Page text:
Delbert Tibbs 1939 to two-weeks-ago Saturday
Tibbs was a black man who found himself in the wrong place at the wrong time. A Chicagoan wandering through Fort Meyers, Florida in 1974, he was arrested, convicted and condemned for a murder and rape that happened 250 miles away. Sharing a skin color with the suspect was enough for the all-white jury to sentence him to death. Three years later, rather than “risk the very real possibility that Tibbs had nothing to do with these crimes” as they wrote it, the Florida State Supreme Court reversed his verdict, removing him from death row. In prison he wrote. His poems might have saved lives. They spurred on the creation “The Exonerated,” a play recounting the stories of six wrongfully convicted death-row inmates. The play changed the debate on the death penalty: “People who once argued about the morality of executing the guilty now discuss whether the capital justice system can be trusted to separate those deserving death from the wholly innocent,” Adam Liptak wrote in the New York Times. And it’s on those grounds that several states have put moratoria on executions. Tibbs’s imagery invites us into the painful and patient hope of the unjustly imprisoned:
It is not easy:
you stand waiting for a train
or a bus that may never come
no friend drives by to catch a ride
call yourself a poet
but work all day mopping floors and looking out for thieves.
Natalia Gorbaněvská 1936 to two-weeks-ago Friday
Gorbaněvská was a Russian dissident and poet who put herself in the wrong place at the wrong time. Here’s her deal: “AT NOON in Red Square on August 25th 1968,” she and her stroller-borne three-month-old son joined seven others protesting Russia’s violent suppression of the Prague Spring. Unsurprisingly, “Within minutes they were beaten, arrested and dragged away. Yet news of the great act of courage leaked out. Joan Baez wrote a song, Tom Stoppard a play. Defying communism was one thing, but this went deeper, attacking the Kremlin’s right to rule its empire. It inspired millions to believe that resistance was not futile.” For Natalia, words held the power of memory; like Tibbs’s, they recall the past to agitate for a better future:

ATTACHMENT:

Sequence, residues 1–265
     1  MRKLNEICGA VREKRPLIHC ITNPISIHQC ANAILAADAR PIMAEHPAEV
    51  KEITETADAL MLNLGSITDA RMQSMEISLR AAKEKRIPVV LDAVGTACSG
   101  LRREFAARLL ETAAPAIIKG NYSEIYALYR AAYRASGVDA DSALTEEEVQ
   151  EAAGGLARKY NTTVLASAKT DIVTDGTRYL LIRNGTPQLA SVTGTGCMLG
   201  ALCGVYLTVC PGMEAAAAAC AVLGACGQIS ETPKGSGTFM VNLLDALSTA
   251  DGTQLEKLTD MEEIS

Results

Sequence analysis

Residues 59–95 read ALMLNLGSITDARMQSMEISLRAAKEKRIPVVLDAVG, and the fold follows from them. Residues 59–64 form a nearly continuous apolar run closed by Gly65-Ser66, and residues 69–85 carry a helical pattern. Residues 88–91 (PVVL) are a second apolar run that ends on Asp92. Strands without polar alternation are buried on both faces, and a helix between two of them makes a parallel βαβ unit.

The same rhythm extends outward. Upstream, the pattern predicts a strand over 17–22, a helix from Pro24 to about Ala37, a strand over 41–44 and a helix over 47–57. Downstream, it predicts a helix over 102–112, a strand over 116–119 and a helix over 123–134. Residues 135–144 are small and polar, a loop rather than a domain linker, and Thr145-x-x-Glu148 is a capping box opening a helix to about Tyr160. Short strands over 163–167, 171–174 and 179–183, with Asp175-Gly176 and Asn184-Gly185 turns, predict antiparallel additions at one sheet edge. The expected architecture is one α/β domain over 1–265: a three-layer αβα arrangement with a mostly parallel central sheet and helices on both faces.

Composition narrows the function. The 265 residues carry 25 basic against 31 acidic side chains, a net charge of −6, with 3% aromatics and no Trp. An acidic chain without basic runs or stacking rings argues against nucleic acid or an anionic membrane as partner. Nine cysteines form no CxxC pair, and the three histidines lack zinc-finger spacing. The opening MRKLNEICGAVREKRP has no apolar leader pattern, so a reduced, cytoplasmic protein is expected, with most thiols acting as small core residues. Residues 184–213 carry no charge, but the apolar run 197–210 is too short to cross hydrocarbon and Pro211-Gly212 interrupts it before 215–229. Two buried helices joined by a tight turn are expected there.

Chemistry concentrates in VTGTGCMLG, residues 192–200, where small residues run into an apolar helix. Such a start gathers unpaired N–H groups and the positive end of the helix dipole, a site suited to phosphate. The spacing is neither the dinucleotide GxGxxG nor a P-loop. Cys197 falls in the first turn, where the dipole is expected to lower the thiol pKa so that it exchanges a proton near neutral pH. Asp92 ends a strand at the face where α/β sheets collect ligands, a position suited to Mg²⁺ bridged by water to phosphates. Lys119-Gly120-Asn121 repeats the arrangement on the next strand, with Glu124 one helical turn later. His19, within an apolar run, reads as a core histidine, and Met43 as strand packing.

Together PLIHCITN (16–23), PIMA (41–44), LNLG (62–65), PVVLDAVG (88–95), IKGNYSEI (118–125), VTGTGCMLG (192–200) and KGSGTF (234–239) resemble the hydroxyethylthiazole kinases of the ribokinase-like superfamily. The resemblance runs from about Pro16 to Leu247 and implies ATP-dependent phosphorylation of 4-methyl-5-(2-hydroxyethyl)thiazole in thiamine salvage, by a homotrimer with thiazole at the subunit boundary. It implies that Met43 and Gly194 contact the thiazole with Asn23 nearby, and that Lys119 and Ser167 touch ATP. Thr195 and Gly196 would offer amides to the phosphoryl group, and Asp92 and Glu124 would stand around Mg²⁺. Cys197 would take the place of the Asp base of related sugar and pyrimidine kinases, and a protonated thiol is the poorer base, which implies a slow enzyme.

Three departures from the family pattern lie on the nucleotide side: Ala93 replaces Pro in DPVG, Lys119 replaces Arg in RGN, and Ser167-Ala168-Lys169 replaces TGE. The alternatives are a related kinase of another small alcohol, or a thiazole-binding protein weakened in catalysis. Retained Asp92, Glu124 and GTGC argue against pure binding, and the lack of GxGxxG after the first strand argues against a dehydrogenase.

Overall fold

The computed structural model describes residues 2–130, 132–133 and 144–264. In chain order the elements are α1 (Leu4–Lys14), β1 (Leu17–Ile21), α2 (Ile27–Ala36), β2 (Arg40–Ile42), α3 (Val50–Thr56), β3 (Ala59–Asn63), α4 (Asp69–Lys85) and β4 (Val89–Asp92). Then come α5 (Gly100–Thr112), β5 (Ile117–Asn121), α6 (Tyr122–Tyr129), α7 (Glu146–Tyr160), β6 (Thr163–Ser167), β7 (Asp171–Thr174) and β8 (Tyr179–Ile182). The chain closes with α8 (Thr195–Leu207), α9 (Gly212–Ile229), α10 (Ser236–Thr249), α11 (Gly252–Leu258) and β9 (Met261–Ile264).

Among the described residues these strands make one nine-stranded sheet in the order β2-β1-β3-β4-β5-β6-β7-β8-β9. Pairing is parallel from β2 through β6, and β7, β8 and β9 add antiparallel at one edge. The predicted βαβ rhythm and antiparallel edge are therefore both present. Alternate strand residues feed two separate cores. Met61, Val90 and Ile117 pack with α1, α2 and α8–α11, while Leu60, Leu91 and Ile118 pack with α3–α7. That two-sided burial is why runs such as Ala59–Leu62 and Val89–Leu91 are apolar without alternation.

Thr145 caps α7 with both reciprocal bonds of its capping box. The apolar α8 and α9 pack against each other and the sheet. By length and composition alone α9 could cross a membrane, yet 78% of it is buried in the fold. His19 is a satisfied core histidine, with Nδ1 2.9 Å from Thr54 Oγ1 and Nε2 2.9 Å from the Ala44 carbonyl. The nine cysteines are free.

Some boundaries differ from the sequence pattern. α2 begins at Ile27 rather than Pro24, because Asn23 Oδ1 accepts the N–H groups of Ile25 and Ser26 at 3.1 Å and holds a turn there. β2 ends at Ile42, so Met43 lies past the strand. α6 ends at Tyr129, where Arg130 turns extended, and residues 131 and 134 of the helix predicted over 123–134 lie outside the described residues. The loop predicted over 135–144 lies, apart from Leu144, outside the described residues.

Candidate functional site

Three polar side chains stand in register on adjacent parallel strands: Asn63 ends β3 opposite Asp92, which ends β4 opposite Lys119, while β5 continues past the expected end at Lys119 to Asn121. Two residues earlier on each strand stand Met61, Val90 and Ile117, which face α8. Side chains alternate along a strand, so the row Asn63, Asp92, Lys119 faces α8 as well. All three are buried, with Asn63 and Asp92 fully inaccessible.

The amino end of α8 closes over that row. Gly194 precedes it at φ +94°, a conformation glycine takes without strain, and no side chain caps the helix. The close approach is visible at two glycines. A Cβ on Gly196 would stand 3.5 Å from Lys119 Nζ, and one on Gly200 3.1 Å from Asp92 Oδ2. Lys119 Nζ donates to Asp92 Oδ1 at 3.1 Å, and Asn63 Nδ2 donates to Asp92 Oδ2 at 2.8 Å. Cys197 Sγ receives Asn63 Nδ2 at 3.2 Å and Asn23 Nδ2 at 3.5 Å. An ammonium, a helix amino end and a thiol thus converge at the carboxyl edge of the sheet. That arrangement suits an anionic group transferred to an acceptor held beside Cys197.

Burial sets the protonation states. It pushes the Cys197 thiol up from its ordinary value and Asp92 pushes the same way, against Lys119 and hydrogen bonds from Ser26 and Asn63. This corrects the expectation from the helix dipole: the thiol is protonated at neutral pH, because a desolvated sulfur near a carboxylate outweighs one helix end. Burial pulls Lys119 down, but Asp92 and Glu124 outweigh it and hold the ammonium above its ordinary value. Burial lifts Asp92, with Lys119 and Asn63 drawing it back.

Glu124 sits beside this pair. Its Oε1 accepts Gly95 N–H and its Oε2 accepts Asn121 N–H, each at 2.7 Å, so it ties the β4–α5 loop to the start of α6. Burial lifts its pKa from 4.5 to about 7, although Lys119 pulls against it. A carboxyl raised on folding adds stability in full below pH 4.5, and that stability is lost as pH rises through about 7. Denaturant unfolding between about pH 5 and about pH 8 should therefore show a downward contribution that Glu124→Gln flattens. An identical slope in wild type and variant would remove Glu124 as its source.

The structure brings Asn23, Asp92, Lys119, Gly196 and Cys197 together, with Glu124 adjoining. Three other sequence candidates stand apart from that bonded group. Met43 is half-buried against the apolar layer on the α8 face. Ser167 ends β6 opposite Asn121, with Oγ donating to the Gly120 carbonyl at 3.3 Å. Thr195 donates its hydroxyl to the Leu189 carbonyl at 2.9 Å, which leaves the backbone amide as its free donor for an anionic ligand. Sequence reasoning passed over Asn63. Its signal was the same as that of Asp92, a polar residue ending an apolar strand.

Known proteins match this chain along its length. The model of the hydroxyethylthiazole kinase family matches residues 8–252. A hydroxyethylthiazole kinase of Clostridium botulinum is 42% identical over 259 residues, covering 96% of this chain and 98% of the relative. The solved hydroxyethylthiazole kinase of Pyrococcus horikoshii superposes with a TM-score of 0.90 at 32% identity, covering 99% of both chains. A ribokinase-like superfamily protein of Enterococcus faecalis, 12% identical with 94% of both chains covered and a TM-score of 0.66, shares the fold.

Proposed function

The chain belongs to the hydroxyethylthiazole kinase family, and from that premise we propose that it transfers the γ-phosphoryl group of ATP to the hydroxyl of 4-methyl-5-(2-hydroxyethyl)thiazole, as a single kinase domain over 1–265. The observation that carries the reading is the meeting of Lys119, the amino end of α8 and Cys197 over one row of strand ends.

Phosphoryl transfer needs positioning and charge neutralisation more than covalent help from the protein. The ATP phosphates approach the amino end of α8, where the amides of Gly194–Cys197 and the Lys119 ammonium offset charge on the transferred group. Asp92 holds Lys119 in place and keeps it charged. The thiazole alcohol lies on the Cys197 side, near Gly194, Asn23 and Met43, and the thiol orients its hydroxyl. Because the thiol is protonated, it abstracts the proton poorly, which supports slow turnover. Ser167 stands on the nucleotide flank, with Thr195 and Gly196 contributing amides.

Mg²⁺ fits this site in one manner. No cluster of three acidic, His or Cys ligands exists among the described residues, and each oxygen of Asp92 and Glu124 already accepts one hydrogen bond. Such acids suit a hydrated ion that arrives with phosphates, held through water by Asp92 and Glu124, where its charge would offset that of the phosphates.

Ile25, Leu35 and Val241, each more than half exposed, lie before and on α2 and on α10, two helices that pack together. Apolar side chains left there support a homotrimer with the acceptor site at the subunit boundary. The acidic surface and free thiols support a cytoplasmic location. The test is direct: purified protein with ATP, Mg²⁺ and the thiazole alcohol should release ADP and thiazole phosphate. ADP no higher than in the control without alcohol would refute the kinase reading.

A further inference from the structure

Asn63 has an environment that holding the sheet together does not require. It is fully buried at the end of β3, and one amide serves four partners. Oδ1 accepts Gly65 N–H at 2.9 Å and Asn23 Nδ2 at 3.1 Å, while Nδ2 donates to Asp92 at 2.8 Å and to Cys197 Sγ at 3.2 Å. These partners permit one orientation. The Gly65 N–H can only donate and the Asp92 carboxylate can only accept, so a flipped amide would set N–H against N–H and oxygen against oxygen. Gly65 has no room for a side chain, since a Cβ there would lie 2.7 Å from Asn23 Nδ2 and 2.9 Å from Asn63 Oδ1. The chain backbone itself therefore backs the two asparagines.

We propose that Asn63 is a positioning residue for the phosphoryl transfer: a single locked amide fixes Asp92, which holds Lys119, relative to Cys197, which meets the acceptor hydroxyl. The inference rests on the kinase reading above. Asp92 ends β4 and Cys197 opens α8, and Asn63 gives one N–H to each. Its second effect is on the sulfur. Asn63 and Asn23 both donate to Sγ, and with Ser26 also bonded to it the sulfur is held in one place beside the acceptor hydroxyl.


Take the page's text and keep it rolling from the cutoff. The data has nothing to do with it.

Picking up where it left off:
The crime has not yet been expunged,
the hour of truth has not yet struck.
logs in the stove still ticking over,
although the fire’s already out.
Ahmed Fouad Negm 1929 to last Tuesday
Ahmed was “an Egyptian poet whose irreverent writing, forged by poverty and prison, lacerated Egypt’s strongmen, gave voice to its underclass and inspired its dissidents.” Writing in colloquial Arabic–he was a poet of the people after all–his wit put words to that universally-found grim humor of the poor and earned him 18 years in jail. His poems were such a thorn in the side of Anwar Sadat that the former Egyptian ruler called him ‘the obscene poet.’ In his poetry, irreverent Negm just sort of gave up:
Don’t tire your brain
in the work of politics
mind your own business
with vim and vigor
Natalia Gorbaněvská cover image couresty Flickr user Ondřej Lipár
Delbert Tibbs image courtesty Flickr user Viewminder